Reveal the Answer
  • Hyperthermia needs aggressive management to prevent multi-organ failure.
  • This patient will require external cooling via ice packs and cool fluids. This will of course be uncomfortable and elicit shivering in the conscious patient. Therefore they need paralysis, intubation and ventilation.

Question 7

Risk assessment: What complications do you need to exclude when a patient has taken cocaine? (and hence tailor your investigations appropriately).

Reveal the Answer
  • CNS: Agitation, Aggression, Psychosis, Myoclonic movements, Seizures, intra-cerebral bleeds and Cerebral oedema.
  • CVS: Tachycardia, Dysrhythmias, Acute coronary syndrome, Acute pulmonary oedema, Aortic or Carotid dissection and Ischaemic Colitis
  • Other: Hyperthermia, Pneumothorax, Rhabdomyolysis and Pneumomediastinum

Question 8

Risk assessment: What is the safe anaesthetic dose of cocaine compared to the usual dose in a line of cocaine and the potentially lethal dose of cocaine?

Reveal the Answer
  • Anaesthetic dose = 1-3mg/kg
  • Line of cocaine = 20-30mg
  • Potentially lethal = 1g
  • Cocaine should be on your list of ‘1-2 pills can kill’ for children.

Question 9

Investigations: Your patient develops chest pain with ST elevation in the lateral leads and also has a severe headache. Unfortunately you have a long transfer to get this patient to a coronary angiogram. The cardiologist is recommending you anticoagulant this patient. What investigation could you do to help weigh up the risk?

Reveal the Answer

CT brain. This should always be strongly considered even when the patient is going to angiogram as it is likely he will get anti coagulated if necessary.

Question 10

Disposition: A child presents to ED who may have been playing with some cocaine. The necessary child protection issues are being processed when they ask you “at what time will the child be medically cleared?” What would your response be?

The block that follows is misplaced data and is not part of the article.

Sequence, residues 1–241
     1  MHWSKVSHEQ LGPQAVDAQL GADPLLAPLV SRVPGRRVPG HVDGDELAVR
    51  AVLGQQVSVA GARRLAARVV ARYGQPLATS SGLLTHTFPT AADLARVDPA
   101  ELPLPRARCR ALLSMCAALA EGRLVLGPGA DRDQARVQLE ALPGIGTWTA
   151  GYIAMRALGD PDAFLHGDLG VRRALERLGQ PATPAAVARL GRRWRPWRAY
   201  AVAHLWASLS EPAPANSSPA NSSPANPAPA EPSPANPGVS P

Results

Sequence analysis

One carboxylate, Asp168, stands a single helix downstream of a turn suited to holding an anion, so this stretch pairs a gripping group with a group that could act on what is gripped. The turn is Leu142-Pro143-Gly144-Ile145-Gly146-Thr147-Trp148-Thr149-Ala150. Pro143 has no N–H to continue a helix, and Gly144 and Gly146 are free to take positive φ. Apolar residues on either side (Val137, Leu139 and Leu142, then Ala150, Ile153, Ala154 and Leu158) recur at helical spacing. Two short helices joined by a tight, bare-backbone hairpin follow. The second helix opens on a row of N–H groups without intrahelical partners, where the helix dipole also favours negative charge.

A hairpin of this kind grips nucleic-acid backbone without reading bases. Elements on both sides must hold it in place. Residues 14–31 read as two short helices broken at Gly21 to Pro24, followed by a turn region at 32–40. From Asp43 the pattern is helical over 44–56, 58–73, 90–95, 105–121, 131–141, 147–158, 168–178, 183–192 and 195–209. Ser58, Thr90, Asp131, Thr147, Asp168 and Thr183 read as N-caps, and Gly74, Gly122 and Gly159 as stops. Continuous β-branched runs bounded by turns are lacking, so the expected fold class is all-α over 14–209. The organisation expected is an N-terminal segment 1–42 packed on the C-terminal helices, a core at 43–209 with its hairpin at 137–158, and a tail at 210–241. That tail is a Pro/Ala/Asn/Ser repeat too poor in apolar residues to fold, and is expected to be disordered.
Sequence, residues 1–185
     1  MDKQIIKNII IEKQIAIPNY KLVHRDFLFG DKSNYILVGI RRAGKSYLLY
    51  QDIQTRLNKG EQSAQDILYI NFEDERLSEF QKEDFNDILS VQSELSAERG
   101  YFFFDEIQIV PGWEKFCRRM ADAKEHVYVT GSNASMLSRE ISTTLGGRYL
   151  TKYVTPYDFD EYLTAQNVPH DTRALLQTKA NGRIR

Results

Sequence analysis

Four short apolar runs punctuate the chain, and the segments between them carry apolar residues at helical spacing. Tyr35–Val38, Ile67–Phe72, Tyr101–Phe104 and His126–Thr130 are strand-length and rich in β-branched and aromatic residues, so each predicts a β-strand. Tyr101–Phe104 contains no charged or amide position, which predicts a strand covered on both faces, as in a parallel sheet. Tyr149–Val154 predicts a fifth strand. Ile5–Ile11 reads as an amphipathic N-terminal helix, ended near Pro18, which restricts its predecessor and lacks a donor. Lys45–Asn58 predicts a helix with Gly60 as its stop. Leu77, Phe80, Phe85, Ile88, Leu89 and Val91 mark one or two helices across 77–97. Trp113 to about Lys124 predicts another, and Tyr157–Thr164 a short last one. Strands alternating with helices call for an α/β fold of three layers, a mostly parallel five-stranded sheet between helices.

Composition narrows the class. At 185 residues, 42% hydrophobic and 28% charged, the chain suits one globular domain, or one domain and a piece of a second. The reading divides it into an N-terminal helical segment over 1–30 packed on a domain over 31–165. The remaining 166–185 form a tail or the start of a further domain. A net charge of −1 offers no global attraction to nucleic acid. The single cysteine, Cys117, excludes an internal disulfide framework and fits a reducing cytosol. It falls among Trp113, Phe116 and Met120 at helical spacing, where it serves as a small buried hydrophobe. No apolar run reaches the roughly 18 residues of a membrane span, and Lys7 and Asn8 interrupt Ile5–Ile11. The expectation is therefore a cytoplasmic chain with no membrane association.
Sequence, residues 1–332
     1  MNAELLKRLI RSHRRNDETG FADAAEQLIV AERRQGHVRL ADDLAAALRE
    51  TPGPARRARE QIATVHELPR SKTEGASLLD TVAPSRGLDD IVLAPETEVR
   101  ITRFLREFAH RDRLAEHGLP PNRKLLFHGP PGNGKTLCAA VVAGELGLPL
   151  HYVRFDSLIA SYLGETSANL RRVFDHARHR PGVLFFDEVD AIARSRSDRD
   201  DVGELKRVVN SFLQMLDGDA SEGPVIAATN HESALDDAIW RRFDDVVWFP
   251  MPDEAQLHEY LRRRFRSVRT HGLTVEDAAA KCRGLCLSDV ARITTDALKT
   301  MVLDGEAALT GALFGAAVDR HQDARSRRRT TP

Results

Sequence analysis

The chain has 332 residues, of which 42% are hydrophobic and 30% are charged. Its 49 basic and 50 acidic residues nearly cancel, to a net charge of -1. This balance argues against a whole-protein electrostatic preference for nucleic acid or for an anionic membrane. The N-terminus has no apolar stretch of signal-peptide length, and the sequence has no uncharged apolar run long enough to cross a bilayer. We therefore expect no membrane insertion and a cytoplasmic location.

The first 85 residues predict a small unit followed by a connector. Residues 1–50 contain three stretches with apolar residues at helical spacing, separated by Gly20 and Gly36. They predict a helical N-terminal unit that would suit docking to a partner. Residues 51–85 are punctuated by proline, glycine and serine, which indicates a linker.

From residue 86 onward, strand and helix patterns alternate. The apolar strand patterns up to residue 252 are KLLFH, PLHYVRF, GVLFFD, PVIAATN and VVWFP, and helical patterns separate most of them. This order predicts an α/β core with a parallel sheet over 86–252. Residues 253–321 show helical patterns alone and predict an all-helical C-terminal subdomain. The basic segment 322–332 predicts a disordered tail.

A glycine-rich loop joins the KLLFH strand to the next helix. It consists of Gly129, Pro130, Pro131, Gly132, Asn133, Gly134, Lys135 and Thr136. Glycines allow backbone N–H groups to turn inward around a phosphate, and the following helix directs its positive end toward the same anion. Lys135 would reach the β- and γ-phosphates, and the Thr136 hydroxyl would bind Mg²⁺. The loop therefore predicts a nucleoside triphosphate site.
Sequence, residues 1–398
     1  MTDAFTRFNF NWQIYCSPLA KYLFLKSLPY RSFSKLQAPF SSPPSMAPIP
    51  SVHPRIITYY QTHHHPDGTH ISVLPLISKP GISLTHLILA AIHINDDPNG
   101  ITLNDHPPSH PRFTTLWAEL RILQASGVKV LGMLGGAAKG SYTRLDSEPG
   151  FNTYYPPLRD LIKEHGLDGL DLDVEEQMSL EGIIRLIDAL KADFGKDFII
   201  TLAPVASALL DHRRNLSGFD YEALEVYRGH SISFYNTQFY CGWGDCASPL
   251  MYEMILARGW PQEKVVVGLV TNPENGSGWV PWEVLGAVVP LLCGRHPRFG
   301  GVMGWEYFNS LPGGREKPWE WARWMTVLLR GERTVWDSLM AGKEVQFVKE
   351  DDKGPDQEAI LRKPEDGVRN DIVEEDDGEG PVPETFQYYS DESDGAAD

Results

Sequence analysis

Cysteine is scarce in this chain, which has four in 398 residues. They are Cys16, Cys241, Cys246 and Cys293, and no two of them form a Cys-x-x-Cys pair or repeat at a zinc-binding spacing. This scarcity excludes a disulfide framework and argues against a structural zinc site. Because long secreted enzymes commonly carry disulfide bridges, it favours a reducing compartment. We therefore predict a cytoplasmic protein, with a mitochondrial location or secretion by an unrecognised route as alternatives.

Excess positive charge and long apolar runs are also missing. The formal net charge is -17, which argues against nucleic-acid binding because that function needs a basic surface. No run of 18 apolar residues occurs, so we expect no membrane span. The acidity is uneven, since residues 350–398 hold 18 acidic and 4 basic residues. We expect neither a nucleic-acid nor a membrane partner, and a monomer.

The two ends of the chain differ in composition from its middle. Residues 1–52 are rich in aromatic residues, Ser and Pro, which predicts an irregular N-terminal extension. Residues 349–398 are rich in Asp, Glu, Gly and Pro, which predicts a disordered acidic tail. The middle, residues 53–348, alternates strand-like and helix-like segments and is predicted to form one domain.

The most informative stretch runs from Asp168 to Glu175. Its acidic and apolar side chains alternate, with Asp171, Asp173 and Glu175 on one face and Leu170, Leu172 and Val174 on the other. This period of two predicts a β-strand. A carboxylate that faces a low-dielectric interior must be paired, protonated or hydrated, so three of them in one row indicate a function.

Reveal the Answer

This child will need to be observed 4 hours post potential ingestion. If they do not develop any symptoms during this time they may be cleared.

Additional Resources

  • Richards J. Controversies with giving beta-blockers is it just dogma? LITFL
  • Afonso L. Mohammad T. Thatai D. Crack whips the heart: a review of the cardiovascular toxicity of cocaine.  American Journal of Cardiology 2007; 100(6):1040-1043.
  • Hatsukami DK, Fischman MW.  Crack cocaine and cocaine hydrochloride. Are the differences myth or reality? Journal of the American Medical Association 1996; 276:1580-1588.
  • Lange RA, Hillis LD. Cardiovascular Complications of Cocaine Use.  New England Journal of Medicine. 2001; 345(5):351-358.
  • Shih RD, Hollander JE, Burstein JL et al. Clinical safety of lidocaine in patients with cocaine-associated myocardial infarction. Annals of Emergency Medicine 1995;26:702-706.


Sodium Channel Blockade and the ECG
Adrenoceptors and the sympathomimetic syndrome
toxicology library antidote 700 1

Toxicology Library


Dr Neil Long BMBS FACEM FRCEM FRCPC. Emergency Physician at Kelowna hospital, British Columbia. Loves the misery of alpine climbing and working in austere environments (namely tertiary trauma centres). Supporter of FOAMed, lifelong education and trying to find that elusive peak performance.